Wednesday, February 13, 2008

How pop culture can consume the disabled body in motion: a montage


This paper is fascinated by the play with the caught body. The living body in the frame of the lens, the gaze and the screen opens up a core issue of performance and representational media: the relationship between the visual and the tactile, the surface and the visceral, and the visual tactility/tactile visuality discussed by Maurice Merleau-Ponty (1968). The caught body stands in an interesting relationship to ‘touch’, to a touching both in its sensual and its metaphorical sense. This paper will trace these issues in contemporary representations in popular visual culture. At the heart of these issues of representation and touching is the quest for new forms of political engagement across the boundaries of difference.
In this paper, the difference under discussion is disability and its placement in the popular imagination. I want to argue that the sensationalised ‘addenda’ of disabled people – such as high tech prostheses – can be seen to have a dual function in a range of contemporary visual work. They act both as markers of difference, but also as seductive invitations into a different form of embodiment. This dance of duality has long been played out in the much publicised accounts of amputee fetishism – a subculture emerging around the sensualised and sexualised absence/presence of a limb. In these pages, I want to show how the aesthetics of presentation engender an ambivalence towards the ‘addenda’ of disabled people.
The frame for this understanding of the ambivalence of disabled people’s ‘difference’ rests in the audience address of visual work, and its ability to connote and cite physical reaction and kinaesthetic experience.
Disabled Cyborgs
In the history of the popular imagination, which spans such works as Metropolis and Bladerunner, from Frankenstein to William Gibson’s novels, the cyborg is the other - it is one of the metaphors of otherness that we are employing in our cultural legends. This otherness is always hysterically policed: it is always just enough self to threaten the imaginary unity of self, or the imagined community. The cyborg is a person with addenda - something strange, foreign, other is added to the basic ingredients which denote ‘human’.
Some historical origins of the popular cyborg discourse lie in the Greek creature Pandora, a being on the limit between created machine of the Gods and human woman, or in Frankenstein’s monster, with his liminal place between life and death.
In contemporary culture, the cyborg has a greater presence than ever, and new forms of boundaries and breakages emerge from its diffuse forms. One form of cyborg, of metaphorised physical difference, can be found in the popular images of some disabled people. The contemporary cyborgs here include Christopher Reeves, who went from fictional ‘enhanced being’ to a star persona in a high tech wheelchair, and the number of bionically enhanced people who parade on television channels, and who demonstrate how they can stand again due to implants and electronic impulses. Both Reeves and the men and women hoping for small wonders are part of a disability discourse of tragedy and medical redemption. But not all disability cyborg discourses focus on the potentiality of extension, and the medical wonders of cyborgism. Some other discourses show a fascination with the sensual experience of ‘being-added-to’, of extending beyond the ‘human’.

The discourses surrounding some representations of disability allow us to see changing attitudes to extended bodies. In particular, some of these discourses which find expression in popular visual material seem to focus on lived experience and the corporealisation of the cyborg. This paper therefore wants to offer the thesis that contemporary culture seems to become fascinated with structures of feeling for non-traditional embodiments, and that contemporary visual technology allows us to indulge that fascination.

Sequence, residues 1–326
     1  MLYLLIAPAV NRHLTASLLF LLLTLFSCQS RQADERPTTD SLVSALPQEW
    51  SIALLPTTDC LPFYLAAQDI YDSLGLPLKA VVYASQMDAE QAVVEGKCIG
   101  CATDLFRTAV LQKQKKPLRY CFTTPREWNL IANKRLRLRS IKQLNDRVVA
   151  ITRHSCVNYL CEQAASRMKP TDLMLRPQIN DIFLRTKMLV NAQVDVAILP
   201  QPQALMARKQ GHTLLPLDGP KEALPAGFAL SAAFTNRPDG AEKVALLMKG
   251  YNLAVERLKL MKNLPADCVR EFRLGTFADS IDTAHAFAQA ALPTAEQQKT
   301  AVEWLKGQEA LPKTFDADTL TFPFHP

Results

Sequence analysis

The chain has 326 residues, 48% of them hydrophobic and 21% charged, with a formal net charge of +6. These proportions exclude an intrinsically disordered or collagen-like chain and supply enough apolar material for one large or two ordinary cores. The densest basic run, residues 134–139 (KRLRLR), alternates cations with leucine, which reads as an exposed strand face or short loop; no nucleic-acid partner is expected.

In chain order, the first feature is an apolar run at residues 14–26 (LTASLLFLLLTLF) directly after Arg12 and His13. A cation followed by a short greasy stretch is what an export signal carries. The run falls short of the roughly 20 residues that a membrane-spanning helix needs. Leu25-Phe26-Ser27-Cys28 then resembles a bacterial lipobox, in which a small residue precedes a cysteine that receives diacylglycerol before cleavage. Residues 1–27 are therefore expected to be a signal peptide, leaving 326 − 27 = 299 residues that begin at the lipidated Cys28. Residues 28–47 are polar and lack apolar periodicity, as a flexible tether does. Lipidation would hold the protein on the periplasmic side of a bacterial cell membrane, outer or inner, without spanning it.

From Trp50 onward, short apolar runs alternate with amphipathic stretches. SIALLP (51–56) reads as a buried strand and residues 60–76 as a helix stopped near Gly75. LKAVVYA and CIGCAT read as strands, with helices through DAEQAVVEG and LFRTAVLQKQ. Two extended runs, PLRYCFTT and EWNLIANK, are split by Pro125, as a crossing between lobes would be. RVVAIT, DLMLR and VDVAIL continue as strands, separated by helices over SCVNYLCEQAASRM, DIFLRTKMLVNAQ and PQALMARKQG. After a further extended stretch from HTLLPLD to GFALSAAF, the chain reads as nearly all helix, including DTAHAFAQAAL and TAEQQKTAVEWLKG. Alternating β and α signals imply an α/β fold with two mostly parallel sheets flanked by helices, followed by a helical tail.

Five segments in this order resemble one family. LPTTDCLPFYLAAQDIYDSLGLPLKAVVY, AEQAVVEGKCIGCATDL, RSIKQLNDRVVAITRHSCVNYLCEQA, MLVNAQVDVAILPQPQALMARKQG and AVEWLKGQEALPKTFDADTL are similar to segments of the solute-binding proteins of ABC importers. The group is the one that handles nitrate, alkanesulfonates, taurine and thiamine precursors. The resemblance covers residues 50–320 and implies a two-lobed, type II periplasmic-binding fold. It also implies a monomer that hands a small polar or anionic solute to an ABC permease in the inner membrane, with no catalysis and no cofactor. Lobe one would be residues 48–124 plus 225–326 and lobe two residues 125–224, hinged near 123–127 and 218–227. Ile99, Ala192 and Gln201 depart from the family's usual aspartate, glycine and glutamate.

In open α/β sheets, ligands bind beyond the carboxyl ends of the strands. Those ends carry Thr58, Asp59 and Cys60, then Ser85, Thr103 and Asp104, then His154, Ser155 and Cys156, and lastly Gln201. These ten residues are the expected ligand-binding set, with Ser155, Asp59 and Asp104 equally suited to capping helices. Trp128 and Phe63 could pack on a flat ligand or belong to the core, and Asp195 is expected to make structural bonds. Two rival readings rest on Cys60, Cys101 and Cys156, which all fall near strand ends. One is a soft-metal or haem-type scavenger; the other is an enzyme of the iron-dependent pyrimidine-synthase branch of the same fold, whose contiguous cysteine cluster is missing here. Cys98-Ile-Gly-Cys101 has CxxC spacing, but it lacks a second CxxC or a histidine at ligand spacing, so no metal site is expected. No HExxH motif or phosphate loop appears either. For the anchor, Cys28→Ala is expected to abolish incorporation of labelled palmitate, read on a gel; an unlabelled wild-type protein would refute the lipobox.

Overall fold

One example of this fascination with non-traditional embodiment, is Aimee Mullins, a disabled fashion model. She embodies both the fascination of the ‘other’ – the exotic, strange and different, and at the same time, her representations seem for me to hover on the edge of inviting me into her living experience. She does not remain ‘other’, but comes closer. In the following textual analyses of a photo and a TV commercial, I am stressing the ruptures and tensions between the image of Mullins, and the phenomenologically accessible performance of that image.
The essay concludes as follows. To read the full text, click on the title.
In the visual works discussed in these pages, I traced the engagement of the physical and kinesthetical in interaction with semiotic layers. Merleau-Ponty's words point the way to an understanding of visual engagement as a political, ethical act - what is seen and the seer are part of a life world, of an extended physical reality beyond the boundaries of an individual body. The images discussed here can be seen in this light - referencing sharing through the connotations of embodied experience. Through opening up these registers of continuity, the works can also be seen to play on the boundaries of the flesh/artifice/cyborg, both in their audience address as artefacts echoing physical experience, and as depictions of human 'addendas' which become part of different forms of embodiment.
In the contemporary representational field, the political ambivalences of semiotic registers do not vanish, but take on an additional charge as bodied experience seems to become the target of ever more involved technical extensions of perception and visuality. The search for new forms of visual excitement and stimulation leads to interesting avenues for physicality and difference. Hopefully, exciting bodies can emerge out of popular culture's desire for new forms of embodiment.

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